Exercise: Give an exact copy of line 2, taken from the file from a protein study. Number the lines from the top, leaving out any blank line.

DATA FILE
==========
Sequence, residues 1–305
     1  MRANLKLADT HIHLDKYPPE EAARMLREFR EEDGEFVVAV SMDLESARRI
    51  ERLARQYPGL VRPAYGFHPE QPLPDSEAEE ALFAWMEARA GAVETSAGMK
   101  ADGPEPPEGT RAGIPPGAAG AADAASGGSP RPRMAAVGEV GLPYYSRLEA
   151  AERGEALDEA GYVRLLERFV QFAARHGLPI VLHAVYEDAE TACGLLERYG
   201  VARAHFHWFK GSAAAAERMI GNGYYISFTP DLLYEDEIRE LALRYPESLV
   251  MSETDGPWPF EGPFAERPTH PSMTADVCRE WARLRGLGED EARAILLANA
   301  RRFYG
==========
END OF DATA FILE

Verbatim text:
     1  MRANLKLADT HIHLDKYPPE EAARMLREFR EEDGEFVVAV SMDLESARRI